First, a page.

Jul 12, 11
Read from October 28, 2010 to July 12, 2011
Two things might help: look at this as a novel in short stories. There are plot-readers and there are characterization- readers. This is a book for the latter. It's more themes than anything. The second thing, if you're looking for it to try to make sense, is to see it as a look at the underclass being manipulated by the powerful people. We can do little more than observe and react weakly while the few control what happens to us.
And, yes, it's literally about trash. But the metaphor is deeper than that. To me, it's us trying to live as fully as possible while dealing with these things that we try to bury, bury in our mind, in our fields, in our past. Fear of the Cold War, you bury that until it's too vibrant to be overlooked. In the second half of the twentieth century, our reach has become so much further than our sight. So then the parts about Vietnam start making sense. The character Chuckie and Louis in the bombers brings this point to life. You fly over a nuclear bomb explosion, and the rest of your life is trying to cope and to remove yourself from that situation. And you can't.
The cover also illustrates this : we're living under this permanent dark cloud, and hoping to be able to forget that long enough to have an enjoyable life. At a certain point, though, it's beyond us and so all we can do is spectate and continue to pay our taxes (or not).
I was lucky to read this while finishing the PEOPLE's HISTORY of the UNITED STATES, which certainly colors how I view this. I felt like DeLillo's book has a lot of things that Zinn didn't touch - the psychological impact of all this - and Zinn had a lot that helped to provide a basis for discerning what was happening in UNDERWORLD. The effects of the Cold War, well I didn't realize it but Korea was the start of that, Vietnam the culmination, then two long decades more of low-intensity disturbance. You can never feel too comfortable.
At the same time, there's more than just depictions of fear and loathing. Something about this book gives me an optimistic feeling, maybe making me show that even though these are the circumstances, we're not defined or limited by them completely. You see this often: in the brilliant intro, the young people hopping the turnstiles; the woman painting the jets; the man with money in his pocket and thinking of leaving his family; the trash collectors' strike.
I especially like that DeLillo doesn't necessarily make it obvious that ,''hey, look, this is the same character from 70 pages ago''. There's likely several times when I overlooked the repetition of the same main people. The links between them, likewise, are not very strongly noted, the times they come into contact with each other. I feel this is a reflection of our ability to recreate ourselves anew, which we've done again and again in the past 60 years, i.e., not being able to recognize yourself. And that is an optimistic trend. But it's very subtle. That's partly why, it may seem like you're not reading much of anything but then a very small series of allusions and you have to reevaluate what you just read the past 20 pages.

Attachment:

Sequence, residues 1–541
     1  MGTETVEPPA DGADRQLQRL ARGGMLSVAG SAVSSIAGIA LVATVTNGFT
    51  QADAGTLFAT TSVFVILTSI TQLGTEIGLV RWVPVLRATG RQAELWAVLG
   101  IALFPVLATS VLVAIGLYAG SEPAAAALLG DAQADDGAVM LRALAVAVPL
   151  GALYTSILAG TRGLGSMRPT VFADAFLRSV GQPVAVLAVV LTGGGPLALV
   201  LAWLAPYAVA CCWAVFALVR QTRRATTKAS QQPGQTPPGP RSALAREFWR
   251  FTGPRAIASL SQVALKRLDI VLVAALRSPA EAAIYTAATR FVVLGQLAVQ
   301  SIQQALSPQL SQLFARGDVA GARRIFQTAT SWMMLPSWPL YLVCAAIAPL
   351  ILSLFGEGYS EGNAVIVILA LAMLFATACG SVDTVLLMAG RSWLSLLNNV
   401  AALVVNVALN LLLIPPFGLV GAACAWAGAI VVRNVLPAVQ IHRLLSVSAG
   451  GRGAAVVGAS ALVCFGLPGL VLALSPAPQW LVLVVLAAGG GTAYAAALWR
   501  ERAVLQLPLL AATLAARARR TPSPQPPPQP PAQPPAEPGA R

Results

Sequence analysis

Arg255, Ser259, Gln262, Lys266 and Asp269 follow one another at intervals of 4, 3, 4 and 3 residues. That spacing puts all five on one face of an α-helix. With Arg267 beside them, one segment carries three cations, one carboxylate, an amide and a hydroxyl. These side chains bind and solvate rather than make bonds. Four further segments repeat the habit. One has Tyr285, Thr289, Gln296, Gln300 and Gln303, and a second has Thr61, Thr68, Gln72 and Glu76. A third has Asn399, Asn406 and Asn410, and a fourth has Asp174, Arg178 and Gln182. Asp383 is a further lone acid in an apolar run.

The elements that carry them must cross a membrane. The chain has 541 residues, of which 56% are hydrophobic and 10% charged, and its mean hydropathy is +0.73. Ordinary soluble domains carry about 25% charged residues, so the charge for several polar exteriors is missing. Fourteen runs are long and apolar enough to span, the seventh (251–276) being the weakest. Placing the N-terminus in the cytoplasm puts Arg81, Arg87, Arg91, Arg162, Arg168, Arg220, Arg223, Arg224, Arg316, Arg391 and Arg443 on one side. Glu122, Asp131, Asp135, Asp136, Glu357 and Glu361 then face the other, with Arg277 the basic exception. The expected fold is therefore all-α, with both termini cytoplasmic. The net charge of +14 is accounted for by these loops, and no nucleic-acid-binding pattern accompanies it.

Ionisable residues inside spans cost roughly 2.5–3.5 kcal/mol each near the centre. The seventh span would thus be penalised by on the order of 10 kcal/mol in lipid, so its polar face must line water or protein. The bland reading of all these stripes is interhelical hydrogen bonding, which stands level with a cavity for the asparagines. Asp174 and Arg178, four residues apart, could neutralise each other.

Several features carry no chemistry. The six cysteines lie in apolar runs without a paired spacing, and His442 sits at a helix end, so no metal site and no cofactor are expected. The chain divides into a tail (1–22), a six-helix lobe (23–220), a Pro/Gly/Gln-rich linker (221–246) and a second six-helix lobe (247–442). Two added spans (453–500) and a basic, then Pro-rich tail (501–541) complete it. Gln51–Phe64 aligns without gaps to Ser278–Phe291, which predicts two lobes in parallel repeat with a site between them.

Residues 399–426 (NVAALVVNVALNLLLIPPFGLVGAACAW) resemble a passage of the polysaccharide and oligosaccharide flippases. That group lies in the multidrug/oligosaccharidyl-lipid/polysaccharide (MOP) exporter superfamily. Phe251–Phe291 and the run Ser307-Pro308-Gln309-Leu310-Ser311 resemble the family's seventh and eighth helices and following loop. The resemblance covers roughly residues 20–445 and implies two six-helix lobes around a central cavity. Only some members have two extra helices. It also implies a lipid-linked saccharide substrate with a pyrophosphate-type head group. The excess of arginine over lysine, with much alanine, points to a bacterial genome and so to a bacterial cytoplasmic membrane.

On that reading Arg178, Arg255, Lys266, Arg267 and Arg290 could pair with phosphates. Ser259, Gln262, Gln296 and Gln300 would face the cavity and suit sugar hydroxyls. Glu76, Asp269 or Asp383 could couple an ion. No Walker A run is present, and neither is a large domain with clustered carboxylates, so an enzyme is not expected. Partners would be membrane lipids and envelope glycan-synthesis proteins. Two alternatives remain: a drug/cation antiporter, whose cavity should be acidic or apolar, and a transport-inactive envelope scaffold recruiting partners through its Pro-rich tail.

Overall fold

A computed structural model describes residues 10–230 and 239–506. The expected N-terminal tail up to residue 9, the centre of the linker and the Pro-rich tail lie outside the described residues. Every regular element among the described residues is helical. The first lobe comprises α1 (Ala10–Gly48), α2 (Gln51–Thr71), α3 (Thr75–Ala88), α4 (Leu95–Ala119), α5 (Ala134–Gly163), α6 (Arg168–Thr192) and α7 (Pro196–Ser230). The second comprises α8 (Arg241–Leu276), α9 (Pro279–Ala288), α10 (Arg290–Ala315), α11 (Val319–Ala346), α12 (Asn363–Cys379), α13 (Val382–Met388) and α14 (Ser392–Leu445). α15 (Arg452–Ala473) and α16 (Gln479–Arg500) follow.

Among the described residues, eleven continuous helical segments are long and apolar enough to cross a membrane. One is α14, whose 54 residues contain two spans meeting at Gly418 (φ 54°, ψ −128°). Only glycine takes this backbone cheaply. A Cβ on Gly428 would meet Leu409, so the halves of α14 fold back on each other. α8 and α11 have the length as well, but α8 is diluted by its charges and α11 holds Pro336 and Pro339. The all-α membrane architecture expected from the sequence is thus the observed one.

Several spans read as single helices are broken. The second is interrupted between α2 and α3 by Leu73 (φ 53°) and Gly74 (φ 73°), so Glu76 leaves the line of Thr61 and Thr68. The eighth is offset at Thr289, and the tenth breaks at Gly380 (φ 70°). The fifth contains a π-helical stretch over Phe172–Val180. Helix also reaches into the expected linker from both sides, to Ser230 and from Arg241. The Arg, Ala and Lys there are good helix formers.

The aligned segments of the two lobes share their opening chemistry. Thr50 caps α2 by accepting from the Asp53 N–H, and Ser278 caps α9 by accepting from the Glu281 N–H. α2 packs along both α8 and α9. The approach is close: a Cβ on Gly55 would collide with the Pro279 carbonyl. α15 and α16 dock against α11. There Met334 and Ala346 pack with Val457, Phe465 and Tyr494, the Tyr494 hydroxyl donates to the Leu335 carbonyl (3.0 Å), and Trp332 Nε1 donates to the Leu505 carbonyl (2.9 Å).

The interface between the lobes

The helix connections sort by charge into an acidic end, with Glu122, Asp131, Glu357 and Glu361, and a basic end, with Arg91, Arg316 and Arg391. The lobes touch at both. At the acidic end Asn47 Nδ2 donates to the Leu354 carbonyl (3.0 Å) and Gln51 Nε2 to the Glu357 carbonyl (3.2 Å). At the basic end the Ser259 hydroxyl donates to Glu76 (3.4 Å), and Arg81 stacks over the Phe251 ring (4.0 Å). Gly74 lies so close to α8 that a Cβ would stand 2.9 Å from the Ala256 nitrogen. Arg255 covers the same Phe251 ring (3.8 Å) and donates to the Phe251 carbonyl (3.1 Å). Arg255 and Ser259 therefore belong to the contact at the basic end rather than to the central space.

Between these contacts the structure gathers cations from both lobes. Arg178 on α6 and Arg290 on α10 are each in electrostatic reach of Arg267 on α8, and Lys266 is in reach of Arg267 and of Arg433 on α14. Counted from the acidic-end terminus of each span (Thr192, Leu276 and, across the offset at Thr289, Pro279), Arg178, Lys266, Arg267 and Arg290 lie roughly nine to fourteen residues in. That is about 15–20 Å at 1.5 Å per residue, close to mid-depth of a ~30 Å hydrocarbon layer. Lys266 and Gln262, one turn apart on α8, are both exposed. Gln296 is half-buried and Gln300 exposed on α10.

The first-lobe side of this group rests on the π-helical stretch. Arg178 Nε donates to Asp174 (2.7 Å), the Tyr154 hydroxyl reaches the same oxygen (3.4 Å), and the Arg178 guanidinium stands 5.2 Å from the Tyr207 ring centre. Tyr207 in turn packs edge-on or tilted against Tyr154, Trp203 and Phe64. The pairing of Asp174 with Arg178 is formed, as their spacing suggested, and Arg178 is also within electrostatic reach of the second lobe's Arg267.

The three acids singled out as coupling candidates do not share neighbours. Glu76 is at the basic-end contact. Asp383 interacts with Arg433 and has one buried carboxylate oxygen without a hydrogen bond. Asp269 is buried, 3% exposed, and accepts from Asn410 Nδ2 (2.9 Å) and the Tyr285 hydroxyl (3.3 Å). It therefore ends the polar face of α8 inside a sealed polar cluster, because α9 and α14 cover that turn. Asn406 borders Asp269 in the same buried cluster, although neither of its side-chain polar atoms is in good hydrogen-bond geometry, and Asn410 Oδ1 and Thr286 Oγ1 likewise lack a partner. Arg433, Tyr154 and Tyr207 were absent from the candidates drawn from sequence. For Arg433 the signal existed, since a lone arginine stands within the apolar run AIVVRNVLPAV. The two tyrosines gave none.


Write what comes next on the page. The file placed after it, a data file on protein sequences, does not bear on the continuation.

I find it difficult to understand why this book is put down again and again. I had one period where I sat it down for a long time, around the first third, but I always intended to pick it up again. Its 850 pages but feels like half of that in my opinion: the chapters are short, each sentence has a vitality that makes reading and rereading a pleasurable experience. IT feels as much a tone poem as anything. And the second half only continue to come more alive with each page turned. It stops feeling so disjointed and random, in the same way that Infinite Jest seems to pick up momentum and meaning, both of them able to do so even without the necessity of a linear plot to propel this machine forward.
Nor is this postmodern. I don't feel the sharp flavor of black irony, I don't see any word games just to be cheeky. The language doesn't always make sense, but I feel that is as much for the sounds and rhythm than for trying to impart or communicate (the fun of Finnegan's Wake, eg). It has little to do with Thomas Pynchon, even though many of the themes and subject matter are related. That optimism is part of it, though it's
Reading now the Wood take-down and the DeLillo rebuttal, and my thoughts are this:
The swells and abatements of the tension are the exact point... the cloud is there above you, you forget about it, something bad happens and you remember it, then you try to forget again. So its not supposed to be one epic tense narrative. But the ebb and flow are the way that life in this time was experienced. Wood's argument seems to focus most on paranoia, something I felt he is likely over sensitive to. It's certainly there, but it's not the only thing and shouldn't be the decisive feature as to whether this is a great book or not.
It turns out, there's a Dustin Hoffman film called Lenny (Oscar nominated for the acting). And this year a Lenny documentary came out, too. so both of those seem to be good ones to check out whence I return home.